With the rapid spread of the coronavirus (COVID-19) pandemic, many states have officially ordered or recommended for individuals and families to stay at home, practice strict social distancing measures, and self-isolate if you are at an increased risk of catching the virus. While theses measures are in place to protect people from becoming ill, COIVID-19 mandates are showing to be harmful for children who live in abusive environments. Since statewide shelter-in-place orders started a month ago, Childhelp, a non-profit charity that helps victims of child abuse, reported receiving 28% more calls, social media messages, and texts.
“We cannot let a health pandemic turn into a child abuse pandemic,” said Daphne Young, a representative for Childhelp, to World News Group in an interview.
Childhelp is not alone in seeing an uptick in child abuse cases. At the Cook Children’s Medical Center in Forth Worth, TX, in a single week they saw seven severe cases of child abuse, the number of cases they usually see in a month. The victims were all younger than four years old, and two of the children died from their abuse.
The increase in abuse cases can be traced back to the stay at home and quarantine measures. Many families are experiencing increased stress around the economy, job layoffs, or other losses caused by the coronavirus outbreak. These factors add up and can trigger acts of aggression, mental health issues, and, often, abuse.
“All of these things are a tinder box for child abuse,” Young stated.
At the same time, state social service agencies are reporting a troubling drop in the number reports of child abuse coming in since the COVID-19 outbreak. Public child welfare advocates in Pennsylvania had 837 less calls the week Pennsylvania’s schools closed. Teachers are mandatory reporters of child abuse, so closing off access to school closes off children from adults who are required to report any concerns or signs of abuse.
Children living in environments with an unrelated adult, like a live-in girlfriend or boyfriend, can be at the highest risk for abuse. Statistically, children who are raised by biological married parents are the safest reported Katy Faust, founder and director of the child advocacy group Them Before Us.
“Hundreds of millions of children around the world will likely face increasing threats to their safety and wellbeing – including mistreatment, gender-based violence, exploitation, social exclusion and separation from caregivers – because of actions taken to contain the spread of the COVID-19 pandemic,” stated UNICEF, an organization that defends the rights and lives of children, in a press release. According to UNICEF’s data, during the Ebola virus outbreak in West Africa from 2014 to 2016, there were significant spikes in child sexual abuse, neglect, and teen pregnancies. UNICEF hopes to avoid a similar trend in measures responding to the COVID-19 pandemic and want health officials to provide more support and protection for children at risk of abuse.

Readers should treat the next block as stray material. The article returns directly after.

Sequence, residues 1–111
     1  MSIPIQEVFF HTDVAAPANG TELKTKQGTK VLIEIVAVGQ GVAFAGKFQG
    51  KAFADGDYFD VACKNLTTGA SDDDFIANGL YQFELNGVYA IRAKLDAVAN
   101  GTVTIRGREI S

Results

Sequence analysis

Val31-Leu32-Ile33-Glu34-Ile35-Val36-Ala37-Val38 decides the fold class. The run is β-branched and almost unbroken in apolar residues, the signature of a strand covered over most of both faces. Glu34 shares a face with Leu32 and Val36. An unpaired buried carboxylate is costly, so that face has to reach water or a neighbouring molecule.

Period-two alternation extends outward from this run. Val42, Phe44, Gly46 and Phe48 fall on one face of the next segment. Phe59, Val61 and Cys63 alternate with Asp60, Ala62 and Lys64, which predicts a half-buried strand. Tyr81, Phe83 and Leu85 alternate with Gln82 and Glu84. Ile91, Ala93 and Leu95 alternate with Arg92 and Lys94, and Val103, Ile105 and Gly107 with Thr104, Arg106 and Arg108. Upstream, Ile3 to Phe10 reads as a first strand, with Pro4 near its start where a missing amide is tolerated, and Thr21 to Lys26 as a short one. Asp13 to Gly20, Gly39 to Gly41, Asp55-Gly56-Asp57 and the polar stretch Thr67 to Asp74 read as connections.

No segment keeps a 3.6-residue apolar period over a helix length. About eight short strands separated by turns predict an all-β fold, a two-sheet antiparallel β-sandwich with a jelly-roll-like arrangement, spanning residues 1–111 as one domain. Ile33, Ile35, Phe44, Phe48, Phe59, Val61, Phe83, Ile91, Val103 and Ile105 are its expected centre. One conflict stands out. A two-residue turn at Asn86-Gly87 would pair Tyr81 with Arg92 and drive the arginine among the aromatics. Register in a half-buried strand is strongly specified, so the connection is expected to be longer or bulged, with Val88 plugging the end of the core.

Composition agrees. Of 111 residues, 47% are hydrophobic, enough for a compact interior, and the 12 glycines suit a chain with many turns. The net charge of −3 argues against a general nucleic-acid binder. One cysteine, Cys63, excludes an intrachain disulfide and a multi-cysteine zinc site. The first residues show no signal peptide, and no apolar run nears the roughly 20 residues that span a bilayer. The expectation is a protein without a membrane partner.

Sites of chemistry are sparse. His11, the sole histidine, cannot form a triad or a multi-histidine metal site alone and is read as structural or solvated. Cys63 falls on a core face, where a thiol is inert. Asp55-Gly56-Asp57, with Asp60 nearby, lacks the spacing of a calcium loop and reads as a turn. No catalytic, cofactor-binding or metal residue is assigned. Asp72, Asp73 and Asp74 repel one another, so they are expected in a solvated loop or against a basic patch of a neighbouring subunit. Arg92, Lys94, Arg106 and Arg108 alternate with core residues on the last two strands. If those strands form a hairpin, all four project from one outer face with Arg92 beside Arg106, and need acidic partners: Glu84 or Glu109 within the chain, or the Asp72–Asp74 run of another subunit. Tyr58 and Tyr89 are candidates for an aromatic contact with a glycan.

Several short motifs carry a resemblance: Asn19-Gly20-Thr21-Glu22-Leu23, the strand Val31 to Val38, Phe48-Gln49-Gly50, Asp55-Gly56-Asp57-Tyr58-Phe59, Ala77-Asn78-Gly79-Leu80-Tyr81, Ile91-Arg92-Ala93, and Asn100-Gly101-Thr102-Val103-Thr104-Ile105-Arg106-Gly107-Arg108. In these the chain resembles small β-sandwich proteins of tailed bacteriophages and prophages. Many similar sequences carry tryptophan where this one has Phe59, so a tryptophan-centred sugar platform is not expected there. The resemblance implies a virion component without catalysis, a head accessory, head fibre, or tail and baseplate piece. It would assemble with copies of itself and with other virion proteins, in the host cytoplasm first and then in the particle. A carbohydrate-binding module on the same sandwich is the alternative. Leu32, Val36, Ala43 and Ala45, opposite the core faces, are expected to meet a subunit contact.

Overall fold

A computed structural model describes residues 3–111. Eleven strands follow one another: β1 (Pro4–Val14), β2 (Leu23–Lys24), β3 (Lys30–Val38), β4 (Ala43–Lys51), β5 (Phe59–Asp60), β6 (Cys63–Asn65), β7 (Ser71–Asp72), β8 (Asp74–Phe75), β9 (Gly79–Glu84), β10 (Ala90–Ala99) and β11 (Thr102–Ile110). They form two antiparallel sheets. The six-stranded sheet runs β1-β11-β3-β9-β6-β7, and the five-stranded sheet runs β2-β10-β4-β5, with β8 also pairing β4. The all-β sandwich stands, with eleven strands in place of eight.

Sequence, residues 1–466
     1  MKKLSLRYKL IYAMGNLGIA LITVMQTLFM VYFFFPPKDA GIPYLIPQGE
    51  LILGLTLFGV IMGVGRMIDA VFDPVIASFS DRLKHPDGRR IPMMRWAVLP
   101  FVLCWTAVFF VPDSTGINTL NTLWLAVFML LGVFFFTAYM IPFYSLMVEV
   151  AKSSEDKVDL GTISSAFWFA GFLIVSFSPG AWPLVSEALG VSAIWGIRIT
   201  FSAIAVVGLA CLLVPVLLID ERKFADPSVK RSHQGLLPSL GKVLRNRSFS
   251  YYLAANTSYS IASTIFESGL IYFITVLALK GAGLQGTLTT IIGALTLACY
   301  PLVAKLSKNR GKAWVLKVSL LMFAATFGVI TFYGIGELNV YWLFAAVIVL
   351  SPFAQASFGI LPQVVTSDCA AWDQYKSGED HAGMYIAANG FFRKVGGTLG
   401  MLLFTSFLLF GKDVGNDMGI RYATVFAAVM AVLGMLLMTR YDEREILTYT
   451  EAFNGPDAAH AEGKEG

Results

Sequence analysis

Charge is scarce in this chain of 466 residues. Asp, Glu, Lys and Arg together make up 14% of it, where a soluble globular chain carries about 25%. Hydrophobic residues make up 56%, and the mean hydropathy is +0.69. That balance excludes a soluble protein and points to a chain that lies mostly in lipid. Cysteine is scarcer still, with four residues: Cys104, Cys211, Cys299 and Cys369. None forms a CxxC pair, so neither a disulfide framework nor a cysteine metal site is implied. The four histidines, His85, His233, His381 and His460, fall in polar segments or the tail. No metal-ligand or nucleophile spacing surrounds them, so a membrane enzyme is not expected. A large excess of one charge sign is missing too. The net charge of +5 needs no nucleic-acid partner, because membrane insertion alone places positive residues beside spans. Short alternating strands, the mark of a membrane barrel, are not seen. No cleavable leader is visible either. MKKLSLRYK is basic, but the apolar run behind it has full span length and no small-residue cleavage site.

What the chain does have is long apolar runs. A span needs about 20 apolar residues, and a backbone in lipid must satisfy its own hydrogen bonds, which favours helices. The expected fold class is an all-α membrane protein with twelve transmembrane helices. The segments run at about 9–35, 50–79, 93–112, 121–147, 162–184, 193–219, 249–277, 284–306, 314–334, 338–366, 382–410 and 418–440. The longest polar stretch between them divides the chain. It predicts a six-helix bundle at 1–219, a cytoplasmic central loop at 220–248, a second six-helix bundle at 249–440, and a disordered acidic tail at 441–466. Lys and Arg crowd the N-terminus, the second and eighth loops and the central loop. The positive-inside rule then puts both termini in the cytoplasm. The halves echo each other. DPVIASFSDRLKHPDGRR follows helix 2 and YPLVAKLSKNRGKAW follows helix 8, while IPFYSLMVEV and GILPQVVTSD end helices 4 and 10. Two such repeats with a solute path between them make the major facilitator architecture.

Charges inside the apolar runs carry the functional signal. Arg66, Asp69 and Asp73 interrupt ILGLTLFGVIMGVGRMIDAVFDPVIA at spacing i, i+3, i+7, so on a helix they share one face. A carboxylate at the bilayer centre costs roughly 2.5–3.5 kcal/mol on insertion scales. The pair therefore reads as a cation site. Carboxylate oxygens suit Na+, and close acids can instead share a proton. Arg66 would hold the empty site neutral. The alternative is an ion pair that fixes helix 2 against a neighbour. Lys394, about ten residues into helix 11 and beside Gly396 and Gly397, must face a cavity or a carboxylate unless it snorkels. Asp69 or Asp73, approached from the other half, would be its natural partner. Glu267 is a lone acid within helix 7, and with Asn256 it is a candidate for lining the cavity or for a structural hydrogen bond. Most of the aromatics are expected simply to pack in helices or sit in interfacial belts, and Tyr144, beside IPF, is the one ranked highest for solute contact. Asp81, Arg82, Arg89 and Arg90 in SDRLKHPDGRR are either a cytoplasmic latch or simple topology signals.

However, more support and protection may prove to be difficult. Many social workers who oversee at-risk children are having to practice social distancing measures, limit home visits, and use video conferencing instead in order to prevent COVID-19 spread. Child welfare workers in states like New York, Michigan, and Washington have tested positive for COVID-19, so stopping the spread is becoming a priority for many child welfare organizations.
To report child abuse or seek resources about child abuse, call 1.800.4.A.CHILD today or visit Childhelp’s site today at https://www.childhelp.org/. Childhelp has live chat services available 24/7 and access to your local child protective services phone number.
You Have Legal Rights After Being Sexually Abused
If you or a loved one was sexually abused as a child, you are not alone or without options for justice. After being abused, you have legal rights that may entitle you not only to justice, but compensation to help you recover from abuse. We understand that compensation cannot reverse the crimes inflicted on you or a loved one. But, compensation can help cover financial bills that insurance often doesn’t cover, like counseling or therapy sessions. To connect with experienced sexual abuse attorneys and see if you are eligible to file a claim for your abuse, contact No More Abuse USA today. We offer free, no-obligation case consultations and have legal professionals available 24/7 to answer your case questions and concerns.